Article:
Computing water flow through complex landscapes - Part 3: Fill-Spill-Merge: Flow routing in depression hierarchies

Richard Barnes, Kerry L Callaghan, Andrew D. Wickert

Research output: Contribution to journalArticlepeer-review

9 Scopus citations


Depressions - inwardly draining regions - are common to many landscapes. When there is sufficient moisture, depressions take the form of lakes and wetlands; otherwise, they may be dry. Hydrological flow models used in geomorphology, hydrology, planetary science, soil and water conservation, and other fields often eliminate depressions through filling or breaching; however, this can produce unrealistic results. Models that retain depressions, on the other hand, are often undesirably expensive to run. In previous work we began to address this by developing a depression hierarchy data structure to capture the full topographic complexity of depressions in a region. Here, we extend this work by presenting the Fill-Spill-Merge algorithm that utilizes our depression hierarchy data structure to rapidly process and distribute runoff. Runoff fills depressions, which then overflow and spill into their neighbors. If both a depression and its neighbor fill, they merge. We provide a detailed explanation of the algorithm and results from two sample study areas. In these case studies, the algorithm runs 90-2600 times faster (with a reduction in compute time of 2000-63 000 times) than the commonly used Jacobi iteration and produces a more accurate output. Complete, well-commented, open-source code with 97 % test coverage is available on GitHub and Zenodo.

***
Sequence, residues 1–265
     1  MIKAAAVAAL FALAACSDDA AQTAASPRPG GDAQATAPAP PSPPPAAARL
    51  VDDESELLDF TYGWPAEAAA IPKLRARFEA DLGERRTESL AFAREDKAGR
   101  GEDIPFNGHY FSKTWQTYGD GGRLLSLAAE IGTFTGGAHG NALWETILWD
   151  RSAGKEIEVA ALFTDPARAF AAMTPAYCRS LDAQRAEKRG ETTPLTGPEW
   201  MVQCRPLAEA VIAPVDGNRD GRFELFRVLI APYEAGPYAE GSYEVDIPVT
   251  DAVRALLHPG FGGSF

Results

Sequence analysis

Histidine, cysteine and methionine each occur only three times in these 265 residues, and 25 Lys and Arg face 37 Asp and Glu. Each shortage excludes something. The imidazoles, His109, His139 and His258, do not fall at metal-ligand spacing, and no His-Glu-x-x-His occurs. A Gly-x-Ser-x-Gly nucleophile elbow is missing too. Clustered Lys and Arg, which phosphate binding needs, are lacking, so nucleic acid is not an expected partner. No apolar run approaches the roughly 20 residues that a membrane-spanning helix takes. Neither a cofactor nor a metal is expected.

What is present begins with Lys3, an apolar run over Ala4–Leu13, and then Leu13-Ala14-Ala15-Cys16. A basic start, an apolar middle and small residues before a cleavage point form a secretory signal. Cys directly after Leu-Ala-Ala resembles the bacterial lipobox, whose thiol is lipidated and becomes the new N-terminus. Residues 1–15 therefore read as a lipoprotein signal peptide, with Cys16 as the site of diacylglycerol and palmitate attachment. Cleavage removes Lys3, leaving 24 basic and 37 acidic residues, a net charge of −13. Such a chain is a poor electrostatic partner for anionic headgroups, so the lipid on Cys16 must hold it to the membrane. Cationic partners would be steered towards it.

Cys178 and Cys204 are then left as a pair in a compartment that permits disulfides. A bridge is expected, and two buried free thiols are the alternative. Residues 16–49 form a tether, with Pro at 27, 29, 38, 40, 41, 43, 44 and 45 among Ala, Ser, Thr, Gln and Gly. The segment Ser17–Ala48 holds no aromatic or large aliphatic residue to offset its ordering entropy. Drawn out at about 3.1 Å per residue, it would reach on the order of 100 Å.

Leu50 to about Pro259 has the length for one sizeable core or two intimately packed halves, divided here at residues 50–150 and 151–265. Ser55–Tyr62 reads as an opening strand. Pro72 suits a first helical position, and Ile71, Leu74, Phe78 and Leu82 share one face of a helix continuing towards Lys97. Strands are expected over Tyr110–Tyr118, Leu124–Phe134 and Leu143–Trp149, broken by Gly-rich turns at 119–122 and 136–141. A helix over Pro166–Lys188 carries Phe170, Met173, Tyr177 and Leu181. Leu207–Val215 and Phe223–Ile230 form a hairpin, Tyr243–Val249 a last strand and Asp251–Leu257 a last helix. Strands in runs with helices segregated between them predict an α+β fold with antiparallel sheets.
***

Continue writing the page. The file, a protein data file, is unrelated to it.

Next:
Original languageEnglish (US)
Article number7
Pages (from-to)105-121
Number of pages17
JournalEarth Surface Dynamics
Issue number1
StatePublished - Mar 2 2021

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© Author(s) 2021.


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